So until tomorrow:  You will show me the way of life, granting me the joy of your presence and the pleasures of living with you forever. There is no doubt God lead me to this beautiful home town of Summerville. I think God gave me a stepping stone to heaven when He brought me here.
“Today is my favorite day”  Winnie the Pooh
Eva Cate’s class waited until Monday to have their Valentines Party…Eva Cate was so excited about taking her princess cards! Love you sweetie!
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Jackson got to see her new home yesterday for the first time….she said she would send photos later…but she is very excited! She will start moving soon after we return from Pawleys. It looks warm and inviting from the doorway even…!
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About Becky Dingle

I was born a Tarheel but ended up a Sandlapper. My grandparents were cotton farmers in Laurens, South Carolina and it was in my grandmother’s house that my love of storytelling began beside an old Franklin stove. When I graduated from Laurens High School, I attended Erskine College (Due West of what?) and would later get my Masters Degree in Education/Social Studies from Charleston Southern. I am presently an adjunct professor/clinical supervisor at CSU and have also taught at the College of Charleston. For 28 years I taught Social Studies through storytelling. My philosophy matched Rudyard Kipling’s quote: “If history were taught in the form of stories, it would never be forgotten.” Today I still spread this message through workshops and presentations throughout the state. The secret of success in teaching social studies is always in the story. I want to keep learning and being surprised by life…it is the greatest teacher. Like Kermit said, “When you’re green you grow, when you’re ripe you rot.”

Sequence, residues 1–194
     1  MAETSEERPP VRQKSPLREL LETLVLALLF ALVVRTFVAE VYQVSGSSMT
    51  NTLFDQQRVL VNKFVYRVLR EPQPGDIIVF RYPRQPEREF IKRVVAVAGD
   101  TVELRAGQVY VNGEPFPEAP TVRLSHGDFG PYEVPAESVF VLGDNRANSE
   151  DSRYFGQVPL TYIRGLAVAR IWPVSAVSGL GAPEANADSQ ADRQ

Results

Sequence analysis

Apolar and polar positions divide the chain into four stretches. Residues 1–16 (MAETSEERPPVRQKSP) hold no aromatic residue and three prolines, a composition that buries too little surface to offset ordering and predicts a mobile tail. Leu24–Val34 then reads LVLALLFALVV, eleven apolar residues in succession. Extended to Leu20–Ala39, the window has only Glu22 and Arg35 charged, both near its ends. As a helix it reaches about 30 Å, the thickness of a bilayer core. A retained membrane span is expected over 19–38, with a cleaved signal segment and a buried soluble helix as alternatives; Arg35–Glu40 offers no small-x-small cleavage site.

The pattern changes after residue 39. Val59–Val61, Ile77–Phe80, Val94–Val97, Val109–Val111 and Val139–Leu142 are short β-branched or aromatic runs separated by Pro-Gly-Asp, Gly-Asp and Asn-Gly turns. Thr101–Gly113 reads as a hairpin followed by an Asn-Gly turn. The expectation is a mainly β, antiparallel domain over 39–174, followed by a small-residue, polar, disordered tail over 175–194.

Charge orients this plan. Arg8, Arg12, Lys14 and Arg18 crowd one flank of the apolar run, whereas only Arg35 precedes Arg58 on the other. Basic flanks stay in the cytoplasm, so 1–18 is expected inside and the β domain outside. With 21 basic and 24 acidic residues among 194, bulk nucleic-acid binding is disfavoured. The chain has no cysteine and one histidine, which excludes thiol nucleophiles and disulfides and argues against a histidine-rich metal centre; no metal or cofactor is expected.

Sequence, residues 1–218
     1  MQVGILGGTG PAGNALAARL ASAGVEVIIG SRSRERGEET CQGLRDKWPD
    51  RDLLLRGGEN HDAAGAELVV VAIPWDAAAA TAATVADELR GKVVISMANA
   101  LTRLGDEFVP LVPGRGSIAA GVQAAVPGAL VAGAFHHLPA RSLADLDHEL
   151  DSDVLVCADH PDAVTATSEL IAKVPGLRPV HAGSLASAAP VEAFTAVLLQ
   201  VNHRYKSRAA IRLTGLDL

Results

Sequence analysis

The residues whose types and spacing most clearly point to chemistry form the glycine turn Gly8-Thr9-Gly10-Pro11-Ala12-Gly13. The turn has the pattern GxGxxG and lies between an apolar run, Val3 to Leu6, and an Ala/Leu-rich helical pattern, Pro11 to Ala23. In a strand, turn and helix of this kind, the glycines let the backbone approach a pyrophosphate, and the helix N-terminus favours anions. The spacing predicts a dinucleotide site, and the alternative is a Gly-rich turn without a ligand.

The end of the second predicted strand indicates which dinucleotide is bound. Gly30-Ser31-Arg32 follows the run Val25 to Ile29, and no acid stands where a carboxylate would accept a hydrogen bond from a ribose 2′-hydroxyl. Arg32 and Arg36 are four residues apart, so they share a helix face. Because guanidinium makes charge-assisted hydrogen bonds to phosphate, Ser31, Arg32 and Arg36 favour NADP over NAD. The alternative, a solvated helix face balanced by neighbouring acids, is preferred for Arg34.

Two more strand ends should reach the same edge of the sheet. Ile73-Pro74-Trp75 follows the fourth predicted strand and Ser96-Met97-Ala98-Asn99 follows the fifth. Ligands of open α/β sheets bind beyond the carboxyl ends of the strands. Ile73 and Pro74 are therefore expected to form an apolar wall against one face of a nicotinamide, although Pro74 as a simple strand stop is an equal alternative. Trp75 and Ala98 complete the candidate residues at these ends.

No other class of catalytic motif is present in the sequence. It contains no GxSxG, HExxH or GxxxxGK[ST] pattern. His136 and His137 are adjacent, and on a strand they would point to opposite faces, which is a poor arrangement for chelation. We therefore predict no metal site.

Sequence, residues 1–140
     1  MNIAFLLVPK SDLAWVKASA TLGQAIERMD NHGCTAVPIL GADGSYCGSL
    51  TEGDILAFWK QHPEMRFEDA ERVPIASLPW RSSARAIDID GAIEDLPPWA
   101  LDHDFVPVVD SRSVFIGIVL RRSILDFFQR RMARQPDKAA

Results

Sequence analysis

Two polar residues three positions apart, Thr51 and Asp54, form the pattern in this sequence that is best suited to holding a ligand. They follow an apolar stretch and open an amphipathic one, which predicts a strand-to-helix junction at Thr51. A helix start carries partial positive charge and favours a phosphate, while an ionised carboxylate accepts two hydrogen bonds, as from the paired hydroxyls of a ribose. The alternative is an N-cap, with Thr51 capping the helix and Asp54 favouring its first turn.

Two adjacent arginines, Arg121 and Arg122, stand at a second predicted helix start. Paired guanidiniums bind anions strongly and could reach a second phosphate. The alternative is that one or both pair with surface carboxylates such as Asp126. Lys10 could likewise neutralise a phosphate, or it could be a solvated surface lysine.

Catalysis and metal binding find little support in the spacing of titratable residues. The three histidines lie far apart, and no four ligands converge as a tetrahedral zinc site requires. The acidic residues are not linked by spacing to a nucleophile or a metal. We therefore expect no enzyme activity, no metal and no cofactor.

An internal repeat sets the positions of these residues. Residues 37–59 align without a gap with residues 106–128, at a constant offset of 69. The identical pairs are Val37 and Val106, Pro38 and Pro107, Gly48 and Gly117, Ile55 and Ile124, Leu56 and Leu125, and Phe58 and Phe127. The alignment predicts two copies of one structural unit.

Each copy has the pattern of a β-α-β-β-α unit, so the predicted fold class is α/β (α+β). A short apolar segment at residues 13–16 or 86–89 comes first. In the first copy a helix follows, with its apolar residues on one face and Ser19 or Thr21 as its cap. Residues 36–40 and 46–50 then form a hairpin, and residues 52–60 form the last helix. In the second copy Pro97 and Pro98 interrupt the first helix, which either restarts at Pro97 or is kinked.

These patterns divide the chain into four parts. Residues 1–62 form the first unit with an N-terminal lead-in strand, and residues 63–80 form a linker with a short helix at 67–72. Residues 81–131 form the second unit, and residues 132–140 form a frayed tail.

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3 Responses to A Vignette of Blessings for our Home Towns

  1. Johnny Johnson says:

    I was born at St. Francis Hospital and lived in North Charleston as a youngster. The area where I lived was referred to as Charleston Heights and was a great place to live at the time of my childhood. I went to what was then called Dirchester Terrace Elementary school. But even then the Elementary years, there was a Summerville connection. My 6th grade teacher was Mrs. Turkette ( hope I spelled it correctly) and both of her sons Michael and Anthony attended school at Dorchester Terrace Elementary. Without naming everyone, I will just say there were a number of kids that I would come to reunite with a few years later. We moved to Summerville a few years later and much to my surprise I saw all these people going to school in Summerville and we were only separated for a couple of years, most preceded me to Summerville. Like you looking back, I believe the hand of God was involved as if I never left my previous home when I moved to Summerville. I had so many friends from North Charleston that I knew that were now in Summerville. I feel blessed that I was born and raised in the Lowcountry but even more so by moving int the Summervile area. The move was not an awkward, adapting to a new home because I already knew friends in Summerville when I moved there, it was as though we never moved. Can’t help but feel that God prepared me ahead of time for the transition and moving to Summervile was the best thing that ever happened to me! I love it here and never left and never will!

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  2. pappyjoslow says:

    Becky I’m so glad you moved to Summerville too! You have definally made a my life so much more happier,exciting, and you give your love so freely ! Your faith is amazing and guides me to be a better person! Thank you for being a bright light in my life, I iove you girl!